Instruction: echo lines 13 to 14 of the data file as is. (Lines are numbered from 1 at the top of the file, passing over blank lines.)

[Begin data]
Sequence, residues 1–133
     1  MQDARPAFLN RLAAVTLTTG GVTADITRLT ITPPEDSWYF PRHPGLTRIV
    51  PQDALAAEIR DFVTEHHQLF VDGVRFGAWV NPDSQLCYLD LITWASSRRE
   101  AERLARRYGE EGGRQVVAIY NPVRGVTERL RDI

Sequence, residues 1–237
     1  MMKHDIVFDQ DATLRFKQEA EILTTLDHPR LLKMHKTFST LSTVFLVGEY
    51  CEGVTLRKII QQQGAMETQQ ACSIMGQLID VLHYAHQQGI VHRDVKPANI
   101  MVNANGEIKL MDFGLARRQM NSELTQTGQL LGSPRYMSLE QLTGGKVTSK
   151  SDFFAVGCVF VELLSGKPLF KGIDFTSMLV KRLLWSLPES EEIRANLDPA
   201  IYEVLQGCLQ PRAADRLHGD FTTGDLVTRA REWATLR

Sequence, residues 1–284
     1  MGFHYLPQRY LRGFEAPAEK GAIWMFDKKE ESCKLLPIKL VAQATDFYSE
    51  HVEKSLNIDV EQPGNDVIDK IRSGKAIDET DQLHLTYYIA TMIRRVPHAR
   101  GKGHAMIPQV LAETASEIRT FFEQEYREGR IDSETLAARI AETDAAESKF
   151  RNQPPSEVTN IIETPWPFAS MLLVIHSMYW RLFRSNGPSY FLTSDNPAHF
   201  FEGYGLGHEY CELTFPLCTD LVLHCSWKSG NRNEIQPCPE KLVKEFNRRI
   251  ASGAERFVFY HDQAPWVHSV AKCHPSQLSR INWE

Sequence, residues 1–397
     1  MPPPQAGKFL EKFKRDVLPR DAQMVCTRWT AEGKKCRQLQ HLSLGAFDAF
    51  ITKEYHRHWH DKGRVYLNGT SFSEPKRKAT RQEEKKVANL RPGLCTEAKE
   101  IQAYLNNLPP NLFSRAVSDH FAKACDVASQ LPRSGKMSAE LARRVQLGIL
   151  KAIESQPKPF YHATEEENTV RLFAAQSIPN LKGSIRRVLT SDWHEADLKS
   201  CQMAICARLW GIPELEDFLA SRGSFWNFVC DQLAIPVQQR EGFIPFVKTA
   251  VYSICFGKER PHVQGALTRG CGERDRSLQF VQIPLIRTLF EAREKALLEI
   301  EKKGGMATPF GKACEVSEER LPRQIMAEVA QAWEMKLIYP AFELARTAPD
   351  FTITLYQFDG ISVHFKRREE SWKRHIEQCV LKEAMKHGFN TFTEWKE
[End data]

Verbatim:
    51  HVEKSLNIDV EQPGNDVIDK IRSGKAIDET DQLHLTYYIA TMIRRVPHAR
   101  GKGHAMIPQV LAETASEIRT FFEQEYREGR IDSETLAARI AETDAAESKF